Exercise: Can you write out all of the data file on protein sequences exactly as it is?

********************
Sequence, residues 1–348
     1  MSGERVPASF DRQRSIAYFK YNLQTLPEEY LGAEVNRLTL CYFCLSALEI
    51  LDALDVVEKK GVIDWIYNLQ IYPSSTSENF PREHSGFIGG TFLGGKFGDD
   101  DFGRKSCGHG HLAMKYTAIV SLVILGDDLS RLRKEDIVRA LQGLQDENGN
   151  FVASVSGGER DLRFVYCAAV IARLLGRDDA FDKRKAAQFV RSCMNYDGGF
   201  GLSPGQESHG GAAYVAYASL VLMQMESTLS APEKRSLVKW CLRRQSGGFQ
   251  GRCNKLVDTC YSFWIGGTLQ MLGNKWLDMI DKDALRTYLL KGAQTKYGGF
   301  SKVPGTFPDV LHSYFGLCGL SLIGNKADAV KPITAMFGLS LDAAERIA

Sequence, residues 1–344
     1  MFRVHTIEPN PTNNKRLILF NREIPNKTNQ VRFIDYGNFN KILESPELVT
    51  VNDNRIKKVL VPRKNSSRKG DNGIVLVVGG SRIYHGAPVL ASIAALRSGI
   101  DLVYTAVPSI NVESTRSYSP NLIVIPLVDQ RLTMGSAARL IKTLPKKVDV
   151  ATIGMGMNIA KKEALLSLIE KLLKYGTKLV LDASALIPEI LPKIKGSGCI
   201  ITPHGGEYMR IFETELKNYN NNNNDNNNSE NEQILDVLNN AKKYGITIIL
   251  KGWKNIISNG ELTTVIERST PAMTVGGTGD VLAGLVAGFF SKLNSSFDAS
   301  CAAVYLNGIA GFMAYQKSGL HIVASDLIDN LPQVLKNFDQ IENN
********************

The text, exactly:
Sequence, residues 1–348
     1  MSGERVPASF DRQRSIAYFK YNLQTLPEEY LGAEVNRLTL CYFCLSALEI
    51  LDALDVVEKK GVIDWIYNLQ IYPSSTSENF PREHSGFIGG TFLGGKFGDD
   101  DFGRKSCGHG HLAMKYTAIV SLVILGDDLS RLRKEDIVRA LQGLQDENGN
   151  FVASVSGGER DLRFVYCAAV IARLLGRDDA FDKRKAAQFV RSCMNYDGGF
   201  GLSPGQESHG GAAYVAYASL VLMQMESTLS APEKRSLVKW CLRRQSGGFQ
   251  GRCNKLVDTC YSFWIGGTLQ MLGNKWLDMI DKDALRTYLL KGAQTKYGGF
   301  SKVPGTFPDV LHSYFGLCGL SLIGNKADAV KPITAMFGLS LDAAERIA

Sequence, residues 1–344
     1  MFRVHTIEPN PTNNKRLILF NREIPNKTNQ VRFIDYGNFN KILESPELVT
    51  VNDNRIKKVL VPRKNSSRKG DNGIVLVVGG SRIYHGAPVL ASIAALRSGI
   101  DLVYTAVPSI NVESTRSYSP NLIVIPLVDQ RLTMGSAARL IKTLPKKVDV
   151  ATIGMGMNIA KKEALLSLIE KLLKYGTKLV LDASALIPEI LPKIKGSGCI
   201  ITPHGGEYMR IFETELKNYN NNNNDNNNSE NEQILDVLNN AKKYGITIIL
   251  KGWKNIISNG ELTTVIERST PAMTVGGTGD VLAGLVAGFF SKLNSSFDAS
   301  CAAVYLNGIA GFMAYQKSGL HIVASDLIDN LPQVLKNFDQ IENN